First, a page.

The Science of Tissue and the Science of Leadership
Goodwin College’s Histology program, which currently boast a 100% pass rate for the Board of Registry Certification Exam, has incorporated specially designed leadership classes into the Histology curriculum so that graduates will be able to enter the workforce with the skills necessary to become leaders in the field.
“The didactic sections of Goodwin’s Histology program are very sound, so we decided to include a leadership portion to give our students an edge that will allow for growth and promotion in the future,” said Histology Program Director Kelli Goodkowsky.
When making critical decisions in their patients’ care, pathologists rely heavily on the expertise of histotechnicians, who are responsible for preparing the tissue specimens pathologists use to render a diagnosis. Not only will graduates of the program have the skills necessary to be reliable employees, but they will also have acquired the critical thinking and writing skills to become influential leaders.
To launch the new leadership program, Dan Noonan, Vice President of Marketing, Communications, and Enrollment and a Goodwin business professor, led a thought-provoking discussion on what it means to be an effective leader with a class of 9 students.
Noonan quoted Simon Sinek, inspirational speaker and author of Start With Why: How Great Leaders Inspire Everyone to Take Action and Leaders Eat Last: Why Some Teams Pull Together and Others Don’t, who said: “There are leaders and then there are those who lead.” Not all those who lead are leaders and the difference between the two is crucial in the working world.
Today’s healthcare field accounts for a massive part of corporate America and is in critical need of frontrunners who will guide their employees in creating a positive, productive working environment. With a substantial number of histotechnicians about to age out of the workforce, it is imperative that schools produce graduates with both technical knowledge and the transferrable leadership skills that will allow them to advance their careers and strengthen the field of histology.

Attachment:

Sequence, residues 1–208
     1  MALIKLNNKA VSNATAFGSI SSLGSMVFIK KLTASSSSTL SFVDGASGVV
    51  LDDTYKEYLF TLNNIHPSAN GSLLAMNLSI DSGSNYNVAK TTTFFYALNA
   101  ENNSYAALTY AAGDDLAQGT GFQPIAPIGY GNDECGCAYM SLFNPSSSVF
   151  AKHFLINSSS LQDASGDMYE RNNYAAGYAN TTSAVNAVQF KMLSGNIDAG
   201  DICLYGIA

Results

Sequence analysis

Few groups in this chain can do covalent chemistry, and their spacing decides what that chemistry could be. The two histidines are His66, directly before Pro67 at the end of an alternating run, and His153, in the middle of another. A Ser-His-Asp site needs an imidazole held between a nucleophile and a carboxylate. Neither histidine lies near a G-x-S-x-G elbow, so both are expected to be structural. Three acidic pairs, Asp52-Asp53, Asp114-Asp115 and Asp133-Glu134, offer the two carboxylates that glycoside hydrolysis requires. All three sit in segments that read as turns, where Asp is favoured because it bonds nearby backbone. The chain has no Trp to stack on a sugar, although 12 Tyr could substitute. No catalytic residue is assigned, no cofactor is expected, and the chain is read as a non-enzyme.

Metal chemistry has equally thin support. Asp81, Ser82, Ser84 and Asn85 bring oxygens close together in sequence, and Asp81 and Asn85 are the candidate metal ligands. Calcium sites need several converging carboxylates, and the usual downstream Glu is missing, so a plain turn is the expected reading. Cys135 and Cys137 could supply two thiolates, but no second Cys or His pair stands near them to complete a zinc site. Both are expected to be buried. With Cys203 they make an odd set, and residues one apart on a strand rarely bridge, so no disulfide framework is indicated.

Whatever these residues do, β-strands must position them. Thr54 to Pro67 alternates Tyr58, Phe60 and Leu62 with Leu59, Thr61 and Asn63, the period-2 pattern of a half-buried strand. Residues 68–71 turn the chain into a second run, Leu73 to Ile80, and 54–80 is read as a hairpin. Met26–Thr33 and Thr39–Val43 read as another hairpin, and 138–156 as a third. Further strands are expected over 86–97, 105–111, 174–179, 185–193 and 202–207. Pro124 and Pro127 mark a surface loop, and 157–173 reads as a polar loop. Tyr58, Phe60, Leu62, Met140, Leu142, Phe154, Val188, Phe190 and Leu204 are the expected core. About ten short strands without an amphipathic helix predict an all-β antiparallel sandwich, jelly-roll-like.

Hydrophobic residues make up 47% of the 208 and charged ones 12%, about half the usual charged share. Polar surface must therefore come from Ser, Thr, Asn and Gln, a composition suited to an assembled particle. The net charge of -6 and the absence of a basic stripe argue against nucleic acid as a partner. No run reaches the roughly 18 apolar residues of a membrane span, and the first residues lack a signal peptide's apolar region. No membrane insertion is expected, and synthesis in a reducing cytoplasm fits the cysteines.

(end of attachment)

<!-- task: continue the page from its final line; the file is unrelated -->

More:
Goodwin College prides itself on its supportive work environment, positive academic and corporate cultures, and encouraging leadership. Coupled with the school’s mission as a career-driven institution, the addition of the Histology leadership program is a perfect fit.
Noonan used Goodwin as a framework for effective leadership. “In order to be a leader, your job cannot be transactional, it must be transformational. Leaders must serve a greater purpose than their own,” Noonan stated.
Histology student Diane Wisniewski is grateful that the leadership education courses have been added to the Histology program. “This program gives us something to strive for and is preparing us for bigger and better things.”
Noonan went on to say that he is hopeful that students will rise through the ranks once they enter the working world.
Student Chris Viega hopes to use the leadership skills he learns to inspire others. “I hope I can motivate others to pursue their goals.”
Noonan left the students with one short, but intricate question: “How will you lead?”
Goodwin believes that this program will prepare graduates not only to prepare tissue specimens properly, but also to take on leadership roles and identify what type of leaders they hope to become within their chosen field.